Yet, in keeping with the dominant, heterosexual patriarchal sexism of the era, as Laursen points out, “Alex was suggesting that the traditional family could be replaced by a wider, less possessive circle of intimacy, although in his telling, the male tended to reap the biggest benefit.”

Laursen makes clear that Comfort practiced what he preached. He visited Sandstone Retreat on a number of occasions. Secluded in the hills of Topanga Canyon, just north of Los Angeles, it was a unique experiment extending traditional erotic exploration. Founded by John and Barbara Williamson in 1969, Sandstone drew a fairly wide and often distinguished following among “free love” advocates, those exploring the limits of sexual intimacy.  

In addition to Comfort, other retreat regulars included Phyllis and Eberhard Kronhausen, the journalist Max Learner, the artist Betty Dodson, the performer Bobby Darin, and Daniel Ellsberg, renowned for leaking the Pentagon Papers. According to one estimate, its membership topped 275 couples.

Further insight into Comfort’s sexual adventurism is suggested by Gay Talese in his 1981 “sex-posé,” Thy Neighbor’s Wife. ''Often the nude biologist Dr. Alex Comfort, brandishing a cigar, traipsed through the room between the prone bodies with the professional air of a lepidopterist strolling through the fields with a butterfly net,'' Talese wrote. ''With the least encouragement—after he had deposited the cigar in a safe place—he would join a friendly clutch of bodies, and contribute to the merriment.''

Comfort reportedly earned $3 million from The Joy of Sex and gave the money away.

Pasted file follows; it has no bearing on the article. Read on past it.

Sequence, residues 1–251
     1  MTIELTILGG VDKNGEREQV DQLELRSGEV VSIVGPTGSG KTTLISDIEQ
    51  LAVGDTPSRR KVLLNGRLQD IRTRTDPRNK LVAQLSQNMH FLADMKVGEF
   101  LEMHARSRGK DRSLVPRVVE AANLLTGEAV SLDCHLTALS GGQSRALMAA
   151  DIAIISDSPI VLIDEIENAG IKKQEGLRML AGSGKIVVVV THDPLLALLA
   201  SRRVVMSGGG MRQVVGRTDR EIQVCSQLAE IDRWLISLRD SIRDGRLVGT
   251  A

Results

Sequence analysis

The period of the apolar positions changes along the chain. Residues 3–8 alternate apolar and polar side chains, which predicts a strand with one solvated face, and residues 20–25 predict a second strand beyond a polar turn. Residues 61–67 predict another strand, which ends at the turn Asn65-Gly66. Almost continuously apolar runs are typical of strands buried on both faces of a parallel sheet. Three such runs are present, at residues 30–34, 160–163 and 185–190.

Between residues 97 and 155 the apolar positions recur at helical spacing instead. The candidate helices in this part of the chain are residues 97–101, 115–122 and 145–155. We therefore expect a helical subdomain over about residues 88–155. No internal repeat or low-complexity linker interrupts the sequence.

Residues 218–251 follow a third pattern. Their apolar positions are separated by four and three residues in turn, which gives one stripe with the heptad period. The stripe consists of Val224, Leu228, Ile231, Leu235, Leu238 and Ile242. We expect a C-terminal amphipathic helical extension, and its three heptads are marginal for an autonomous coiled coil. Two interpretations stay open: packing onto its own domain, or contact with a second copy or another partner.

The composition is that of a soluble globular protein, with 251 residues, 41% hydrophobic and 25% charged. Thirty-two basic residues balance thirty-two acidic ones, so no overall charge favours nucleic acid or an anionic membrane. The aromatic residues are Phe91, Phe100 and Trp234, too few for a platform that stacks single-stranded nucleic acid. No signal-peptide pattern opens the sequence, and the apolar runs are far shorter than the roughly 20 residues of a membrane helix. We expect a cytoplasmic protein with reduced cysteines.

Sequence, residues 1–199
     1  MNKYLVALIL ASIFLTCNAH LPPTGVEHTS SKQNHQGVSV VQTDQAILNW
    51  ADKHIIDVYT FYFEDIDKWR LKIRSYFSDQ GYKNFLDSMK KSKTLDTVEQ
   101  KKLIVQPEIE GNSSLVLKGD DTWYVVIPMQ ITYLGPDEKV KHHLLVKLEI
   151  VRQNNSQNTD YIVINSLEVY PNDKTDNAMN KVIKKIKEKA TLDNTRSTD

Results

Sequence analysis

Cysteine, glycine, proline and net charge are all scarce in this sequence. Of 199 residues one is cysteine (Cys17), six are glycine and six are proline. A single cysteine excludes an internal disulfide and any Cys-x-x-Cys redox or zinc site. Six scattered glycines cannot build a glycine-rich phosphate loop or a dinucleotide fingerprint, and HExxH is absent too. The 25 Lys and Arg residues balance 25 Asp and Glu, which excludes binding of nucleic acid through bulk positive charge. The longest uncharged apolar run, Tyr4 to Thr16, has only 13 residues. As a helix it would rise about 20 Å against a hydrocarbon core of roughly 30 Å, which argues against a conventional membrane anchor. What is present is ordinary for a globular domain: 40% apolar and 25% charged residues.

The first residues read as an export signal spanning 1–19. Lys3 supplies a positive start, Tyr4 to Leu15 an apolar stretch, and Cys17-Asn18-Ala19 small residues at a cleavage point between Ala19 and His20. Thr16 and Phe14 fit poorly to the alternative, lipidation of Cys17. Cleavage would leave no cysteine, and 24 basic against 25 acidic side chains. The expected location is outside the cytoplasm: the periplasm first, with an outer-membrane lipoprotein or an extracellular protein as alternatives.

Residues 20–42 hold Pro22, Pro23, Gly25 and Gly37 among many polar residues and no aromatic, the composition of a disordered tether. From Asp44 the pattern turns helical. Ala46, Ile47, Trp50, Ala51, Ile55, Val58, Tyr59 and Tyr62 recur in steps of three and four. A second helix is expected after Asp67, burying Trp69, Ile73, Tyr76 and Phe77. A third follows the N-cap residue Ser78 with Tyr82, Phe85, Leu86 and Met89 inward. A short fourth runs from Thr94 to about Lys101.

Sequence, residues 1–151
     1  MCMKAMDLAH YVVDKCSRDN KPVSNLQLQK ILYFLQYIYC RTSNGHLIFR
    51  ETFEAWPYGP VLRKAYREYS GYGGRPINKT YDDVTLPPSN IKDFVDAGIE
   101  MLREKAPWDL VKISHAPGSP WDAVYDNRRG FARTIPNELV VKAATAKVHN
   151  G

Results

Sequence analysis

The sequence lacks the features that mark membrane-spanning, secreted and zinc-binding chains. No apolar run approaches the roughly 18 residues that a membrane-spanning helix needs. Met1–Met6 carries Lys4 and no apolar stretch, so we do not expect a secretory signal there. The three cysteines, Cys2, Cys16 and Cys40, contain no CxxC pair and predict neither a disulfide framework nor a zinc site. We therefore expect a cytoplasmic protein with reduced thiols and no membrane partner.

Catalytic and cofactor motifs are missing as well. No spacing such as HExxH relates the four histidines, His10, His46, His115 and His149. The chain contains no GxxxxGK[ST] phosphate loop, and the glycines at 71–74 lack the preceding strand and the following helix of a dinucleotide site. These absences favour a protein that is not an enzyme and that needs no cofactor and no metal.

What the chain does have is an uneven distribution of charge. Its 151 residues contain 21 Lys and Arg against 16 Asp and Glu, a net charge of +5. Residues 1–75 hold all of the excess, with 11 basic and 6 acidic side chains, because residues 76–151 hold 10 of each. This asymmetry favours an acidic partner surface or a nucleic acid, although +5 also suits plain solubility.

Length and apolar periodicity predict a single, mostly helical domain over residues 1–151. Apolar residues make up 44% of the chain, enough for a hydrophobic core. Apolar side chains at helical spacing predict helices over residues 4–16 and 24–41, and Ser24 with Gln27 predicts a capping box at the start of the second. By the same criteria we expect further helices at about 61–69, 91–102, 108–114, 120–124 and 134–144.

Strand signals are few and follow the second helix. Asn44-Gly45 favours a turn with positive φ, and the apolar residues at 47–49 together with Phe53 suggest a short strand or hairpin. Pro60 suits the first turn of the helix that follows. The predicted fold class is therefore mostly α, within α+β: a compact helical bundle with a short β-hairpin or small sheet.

Comfort was a lifelong pacifist who, during World War II, was, as he put it, "an aggressive anti-militarist." His strongest stand was a campaign against the indiscriminate bombing, arguing against what he considered “war crimes” inflicted by British and American air raids on German people and occupied cities. He sought to remind people that the Allies’ “Good War” bombing campaigns killed some 600,000 European civilians, seriously injured over a million and left 7.5 million homeless.

For him, pacifism led to anarchism, for he came to believe that pacifism rested "solely upon the historical theory of anarchism." His 1950 study, Authority and Delinquency in the Modern State, applies his analysis of psychiatry and social psychology to 20th century politics as a relationship between crime and power among antisocial predators that conventional society seeks to contain.

One of Polymath’s most compelling subthemes is the debate between Comfort and George Orwell that played out during the WW-II era. This debate was the subject of Laursen’s early study, The Duty to Stand Aside: Nineteen Eighty-Four and the Wartime Quarrel of George Orwell and Alex Comfort (AK Press, 2018). 

Faced with the war, Orwell—author of Animal Farm and 1984maintained that standing aside, or opposing Britain’s war against fascism, was “objectively pro-fascist"; Comfort argued that intellectuals who did not stand aside and denounce their own government’s atrocities—in Britain’s case, saturation bombing of civilian population centers—had “sacrificed their responsible attitude to humanity.”

In the 1970s, Comfort lived in the States. In 1973, he worked at the Center for the Study of Democratic Institutions at Santa Barbara, CA; from 1974 to 1983, was a lecturer at Stanford University's psychiatry department; and from 1980 to 1991 was a professor at the University of California’s Neuropsychiatric Institute.

It’s a good time to recall the works and life-practice of Alex Comfort, his lessons as a doctor, teacher, writer and political activist are something we can learn from. And Eric Laursen’s Polymath: The Life and Professions of Dr. Alex Comfort, author of The Joy of Sex—all 700-pages!—is a great starting point. Sadly, this exhaustive biography lacks a bibliography of Comfort’s many, many works.